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Sonar and ultrasound

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Sonar (SOund Navigation And Ranging)

The use of sound to navigate, communicate with, or detect objects – on or under the surface of the water – such as another vessel.

Old Navy Sub sonar GIF

Active sonar uses a sound transmitter and a receiver.

Active sonar creates a pulse of sound, often called a “ping”, and then listens for reflections (echo) of the pulse.

Active sonar Wikipedia

Several animals developed sonar through evolution by natural selection.

Example: whales

Example: dolphins

echolocation of a dolphin wikipedia

Example: bats


Medical ultrasound – a diagnostic imaging technique using ultrasound.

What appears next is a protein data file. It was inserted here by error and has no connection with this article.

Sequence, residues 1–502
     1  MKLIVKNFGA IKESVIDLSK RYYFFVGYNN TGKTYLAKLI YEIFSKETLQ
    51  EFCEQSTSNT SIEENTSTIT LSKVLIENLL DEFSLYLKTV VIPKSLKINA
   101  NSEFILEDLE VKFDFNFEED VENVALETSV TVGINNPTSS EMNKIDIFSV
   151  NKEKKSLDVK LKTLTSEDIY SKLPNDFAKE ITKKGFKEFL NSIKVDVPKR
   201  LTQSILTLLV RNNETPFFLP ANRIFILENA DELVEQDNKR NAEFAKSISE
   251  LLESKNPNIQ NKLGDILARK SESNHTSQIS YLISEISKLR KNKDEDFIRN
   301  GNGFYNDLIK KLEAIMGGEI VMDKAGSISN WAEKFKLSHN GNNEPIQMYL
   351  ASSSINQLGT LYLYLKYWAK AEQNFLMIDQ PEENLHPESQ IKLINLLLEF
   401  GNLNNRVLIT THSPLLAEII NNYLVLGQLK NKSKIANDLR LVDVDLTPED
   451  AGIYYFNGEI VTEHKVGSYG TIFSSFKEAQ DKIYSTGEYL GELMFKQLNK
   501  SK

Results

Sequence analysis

Used to see internal body structures such as tendons, muscles, joints, vessels and internal organs.

The practice of examining pregnant women using ultrasound is called obstetric ultrasound.

Ultrasound is sound waves with frequencies which are higher than those audible to humans (>20,000 Hz).

Ultrasonic images also known as sonograms are made by sending pulses of ultrasound into tissue using a probe.

The sound echoes off the tissue; with different tissues reflecting varying degrees of sound. These echoes are recorded and displayed as an image to the operator.

Medical ultrasound (Wikipedia)

Ultrasound human heart 4 chambers Wikipedia

“Amniocentesis is a prenatal test in which a small amount of amniotic fluid is removed from the sac surrounding the fetus for testing. The sample of amniotic fluid (less than one ounce) is removed through a fine needle inserted into the uterus through the abdomen, under ultrasound guidance.”

“The fluid is then sent to a laboratory for analysis. Different tests can be performed on a sample of amniotic fluid, depending on the genetic risk and indication for the test.”

Amniocentesis: WebMD

Amniocentesis image006



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